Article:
State of Washington
Ethics Advisory CommitteeOpinion 99-14
May a superior court judge make an individual contribution to a fund raising effort to create a memorial to a victim of fatal child abuse? May a district court judge who will not be involved in any of the on-going proceedings involving the victim’s parents or stepparents contribute?
Several years ago a child died from child abuse at the hands of his father and stepmother. The county is naming a small park across from the courthouse for the victim as a statement of commitment to all victims of child abuse. There is a fund raising effort to purchase a bronze memorial in the park to the victim. A fund raising solicitation is planned to county employees and members of the county bar association. Those who contribute will be acknowledged in a pamphlet at the park dedication.
The stepmother was convicted of abuse and continues to the supervised by the superior court as part of her community placement. The father of the victim is a party to on-going dependency matters involving other children in the county. The local public defender’s office has expressed concern about the placement of the memorial in an area where jurors are likely to see it on their way to and from the courthouse.
CJC Canon 2(A) provides in part that judicial officers should act in a manner that promotes public confidence in the integrity and impartiality of the judiciary. CJC Canon 5(B) provides in part that judicial officers may participate in civic and charitable activities that do not reflect adversely upon their impartiality or interfere with the performance of their judicial duties. A judicial officer therefore, can make a contribution only to a cause which meets both of these conditions. That is, the contribution would not cause a reasonable person to question a judicial officer’s impartiality relative to a particular cause or person and if the contribution does not interfere with the performance of judicial duties.
In the present situation there are several facts which are problematic for superior court judges wishing to make a contribution to the memorial fund. First, both of the persons convicted in the child’s death have matters still pending in the superior court. If a judicial officer were to make a contribution, given these pending cases, his or her impartiality might be questioned. Additionally, if a judicial officer were forced to disqualify from any of these pending cases because of the contribution it would interfere with the performance of judicial duties. Second, the park in which the memorial will be displayed is across the street from the courthouse and may be seen by jurors on the way to serve in that capacity. If the jurors were aware that a judicial officer has contributed to the memorial, it may taint the juror’s perception of a judicial officer’s impartiality to preside over other cases. Based on the foregoing, a superior court judge should not make a contribution to the memorial fund.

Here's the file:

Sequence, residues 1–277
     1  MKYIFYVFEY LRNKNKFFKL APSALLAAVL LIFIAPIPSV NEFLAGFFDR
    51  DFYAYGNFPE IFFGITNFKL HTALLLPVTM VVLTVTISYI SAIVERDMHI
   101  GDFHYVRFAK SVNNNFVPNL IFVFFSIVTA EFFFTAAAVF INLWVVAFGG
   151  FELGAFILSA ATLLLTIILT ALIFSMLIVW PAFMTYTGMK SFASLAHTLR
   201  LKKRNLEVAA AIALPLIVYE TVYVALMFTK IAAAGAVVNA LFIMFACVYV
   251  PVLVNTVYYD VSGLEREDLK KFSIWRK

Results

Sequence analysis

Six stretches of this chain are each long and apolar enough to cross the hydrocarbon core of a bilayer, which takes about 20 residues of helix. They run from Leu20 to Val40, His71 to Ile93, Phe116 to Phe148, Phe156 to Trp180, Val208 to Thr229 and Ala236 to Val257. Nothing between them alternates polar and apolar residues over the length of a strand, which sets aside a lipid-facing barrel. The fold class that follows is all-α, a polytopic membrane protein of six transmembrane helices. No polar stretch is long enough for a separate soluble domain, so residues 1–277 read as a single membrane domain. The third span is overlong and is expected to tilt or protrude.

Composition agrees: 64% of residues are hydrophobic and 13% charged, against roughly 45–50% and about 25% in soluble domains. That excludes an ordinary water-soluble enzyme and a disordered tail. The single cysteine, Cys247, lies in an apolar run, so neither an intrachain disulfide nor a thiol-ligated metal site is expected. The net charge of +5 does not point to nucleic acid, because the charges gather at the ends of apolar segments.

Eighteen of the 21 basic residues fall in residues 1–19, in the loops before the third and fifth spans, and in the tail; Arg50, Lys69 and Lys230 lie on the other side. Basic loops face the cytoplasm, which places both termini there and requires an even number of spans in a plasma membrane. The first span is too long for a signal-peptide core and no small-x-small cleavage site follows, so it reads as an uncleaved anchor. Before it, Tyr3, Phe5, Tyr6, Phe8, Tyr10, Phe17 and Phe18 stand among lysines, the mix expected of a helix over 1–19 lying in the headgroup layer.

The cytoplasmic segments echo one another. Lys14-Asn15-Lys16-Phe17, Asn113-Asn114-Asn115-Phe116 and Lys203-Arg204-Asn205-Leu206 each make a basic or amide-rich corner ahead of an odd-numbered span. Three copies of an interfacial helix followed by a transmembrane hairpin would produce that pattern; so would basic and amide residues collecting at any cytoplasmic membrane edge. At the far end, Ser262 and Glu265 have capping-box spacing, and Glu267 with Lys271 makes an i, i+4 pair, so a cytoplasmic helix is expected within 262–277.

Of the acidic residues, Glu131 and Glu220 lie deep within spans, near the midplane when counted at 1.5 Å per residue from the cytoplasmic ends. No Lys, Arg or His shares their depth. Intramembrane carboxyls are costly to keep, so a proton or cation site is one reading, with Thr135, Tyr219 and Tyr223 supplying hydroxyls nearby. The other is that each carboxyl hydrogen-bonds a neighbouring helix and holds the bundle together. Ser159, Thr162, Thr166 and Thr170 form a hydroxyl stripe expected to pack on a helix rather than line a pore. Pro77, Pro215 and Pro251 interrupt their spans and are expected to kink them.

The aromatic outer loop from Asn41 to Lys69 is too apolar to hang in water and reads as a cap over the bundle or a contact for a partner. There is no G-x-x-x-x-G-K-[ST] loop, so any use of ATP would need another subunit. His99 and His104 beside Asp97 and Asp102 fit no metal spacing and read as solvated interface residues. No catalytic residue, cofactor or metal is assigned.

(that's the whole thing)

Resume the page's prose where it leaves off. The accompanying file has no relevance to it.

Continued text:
District court judges will not be presiding over any of the on-going proceedings involving the victim’s parents or stepparents. They will, however, be presiding over other assault cases. If a judicial officer were to make a contribution to a memorial in a park across the street from the courthouse that is intended to be a statement of commitment to all victims of child abuse it could call the judicial officer’s impartiality into question and interfere with his or her ability to perform judicial duties. A district court judge, therefore, should not make a contribution to the memorial fund.
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